То есть я могу попросить его показать?
New Jersey’s Dog Date talk best guys for the job and the recording of Hellpod
Gleb Lerner
То есть я могу попросить его показать?
08 august 2020
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Dog Date is mostly a one-man operation based in New Jersey. Since the debut project 80 Bucks in 2015, the lineup has seen a few changes save for Dylan Kennedy, the frontman, drummer, and chief everything officer.
Deep Cuts got together with Mr. Dog Date to discuss the most recent offering in Hellpod, ask about the recording process, a constantly changing team of people who helped along the way, and influencers of Dog Date’s sound and vision.
Dylan Kennedy
How does Hellpod coexist with Flying Fortress and 80 Bucks in your head? Do you have the same mindset for all of your albums?
I think the thing that has definitely changed most from album to album has been my mindset. With 80 Bucks, I didn't think I wanted to pursue this with a live band or keep this an ongoing project at all, I saw it as more of a one-off experiment. I tried to continue to flesh out songs with a live band in mind with Twin Donut and Flying Fortress, and overall just continue to get familiar with the equipment I use and songwriting in general. Little Cowboy is where things had really changed in my overall mindset. I didn’t feel like I had the confidence to continue to make music anymore.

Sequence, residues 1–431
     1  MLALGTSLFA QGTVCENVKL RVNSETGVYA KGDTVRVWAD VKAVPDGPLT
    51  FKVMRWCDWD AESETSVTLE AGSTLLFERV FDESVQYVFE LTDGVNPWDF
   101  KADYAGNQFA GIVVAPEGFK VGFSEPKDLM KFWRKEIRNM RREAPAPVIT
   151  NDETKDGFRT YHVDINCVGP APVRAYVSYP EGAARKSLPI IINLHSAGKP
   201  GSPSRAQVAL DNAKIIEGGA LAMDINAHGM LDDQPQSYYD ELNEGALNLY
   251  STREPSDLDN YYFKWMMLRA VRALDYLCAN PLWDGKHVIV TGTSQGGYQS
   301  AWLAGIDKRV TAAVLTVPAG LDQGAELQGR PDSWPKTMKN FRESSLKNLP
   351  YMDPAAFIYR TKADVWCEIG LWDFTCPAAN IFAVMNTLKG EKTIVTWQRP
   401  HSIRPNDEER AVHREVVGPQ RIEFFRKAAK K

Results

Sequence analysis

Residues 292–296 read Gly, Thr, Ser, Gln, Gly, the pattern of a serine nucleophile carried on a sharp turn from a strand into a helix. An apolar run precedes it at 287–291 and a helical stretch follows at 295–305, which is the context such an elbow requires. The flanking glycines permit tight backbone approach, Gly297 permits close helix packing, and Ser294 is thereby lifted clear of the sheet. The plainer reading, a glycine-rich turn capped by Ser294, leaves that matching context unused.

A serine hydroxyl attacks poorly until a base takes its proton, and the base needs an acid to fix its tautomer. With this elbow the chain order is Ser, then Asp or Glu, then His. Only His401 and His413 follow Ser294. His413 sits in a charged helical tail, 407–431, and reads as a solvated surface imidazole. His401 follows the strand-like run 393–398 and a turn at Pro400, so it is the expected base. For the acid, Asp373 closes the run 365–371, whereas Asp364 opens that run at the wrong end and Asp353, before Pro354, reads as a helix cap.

I took a lot longer of a time to create that record, I took some time away from making music and even listening to music and really took the time I needed to figure things out by myself. That record felt like a very positive and necessary weight off my shoulders. I regained a lot of confidence after that record, where now I feel I’m in a much more confident place in terms of writing and performing to where I can experiment a lot with the way that these songs come together. That’s where Hellpod comes in, taking that confidence but trying to make something more sinister just for the fun of it.
Since 2015, most of the material for Dog Date was written, recorded, and played by you. Were there any particular conditions during your recording and how did they change over the years?
The first album back in 2015 called 80 Bucks was almost an experiment of sorts. I had a friend who left a small mixer at my house for a few weeks by accident, and I figured I might as well try and figure out how to use it, and see what I could come up with within the limited time that it was available to me. I was still in high school and I just thought it was fun to be trying something out solo. After I realized I was capable of making something by myself, I got my own mixer and a few other necessary things and began recording things fairly regularly. Everything since the second album Twin Donut has been recorded on the same equipment in my room, and I feel like I get better at working with what I have available to me and experimenting with the recording process more and more through the course of recording each album.